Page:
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CURRENT ISSUEJOURNAL OF NEUROSURGICAL SCIENCES

A Journal on Neurosurgery


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Journal of Neurosurgical Sciences 1999 June;43(2):135-9

 ORIGINAL ARTICLES

Intra­me­dul­lary ­increased MR sig­nal inten­sity ­and ­its rela­tion to clin­i­cal fea­tures in cer­vi­cal mye­lop­a­thy

Puzzilli F., MAstronardi L., Ruggeri A., Lunardi P.

Depart­ment of Neu­ro­log­i­cal Sci­enc­es, Neu­ro­sur­gery II, Uni­ver­sity “La Sapien­za”, ­Rome, Ita­ly

Back­ground. Are­as of intra­me­dul­lary hyper­intensity in ­patients ­with cer­vi­cal spon­dy­log­e­net­ic mye­lop­a­thy (­CSM) ­have ­been ­described ­and stud­ied by sev­er­al ­authors.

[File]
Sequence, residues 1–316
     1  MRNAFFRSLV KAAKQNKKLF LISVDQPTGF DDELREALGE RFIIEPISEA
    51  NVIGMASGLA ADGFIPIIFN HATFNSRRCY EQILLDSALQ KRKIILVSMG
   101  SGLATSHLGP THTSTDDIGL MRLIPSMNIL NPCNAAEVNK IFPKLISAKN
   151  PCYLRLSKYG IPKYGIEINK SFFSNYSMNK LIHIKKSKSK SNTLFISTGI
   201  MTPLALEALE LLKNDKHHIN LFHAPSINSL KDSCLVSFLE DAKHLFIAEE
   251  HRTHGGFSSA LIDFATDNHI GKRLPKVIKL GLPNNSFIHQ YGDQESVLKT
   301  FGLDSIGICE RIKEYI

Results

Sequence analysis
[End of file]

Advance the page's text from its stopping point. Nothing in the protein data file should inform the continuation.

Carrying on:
Meth­ods. In ­the ­present ­study, 100 ­patients ­were reap­praised ­and divid­ed ­into 2 ­groups accord­ing to wheth­er or ­not ­MRI detect­ed are­as of hyper­in­ten­sity on T2-weight­ed imag­es.
­Results. Sta­tis­ti­cal anal­y­sis dem­on­strat­ed ­that intra­me­dul­lary hyper­in­ten­sity is ­most fre­quent­ly asso­ciat­ed ­with ­severe impair­ment of deam­bu­la­tion, mus­cu­lar hypo­to­nus-hypo­tro­phy ­and hypo­es­the­sias of ­the ­upper ­limbs.
Con­clu­sions. ­These radio­log­i­cal find­ings prob­ably cor­re­spond to var­i­ous ­types of ­lesions ­which, ­when irre­ver­sible, ­may influ­ence post­op­er­a­tive neu­ro­log­i­cal recov­ery.

language: English


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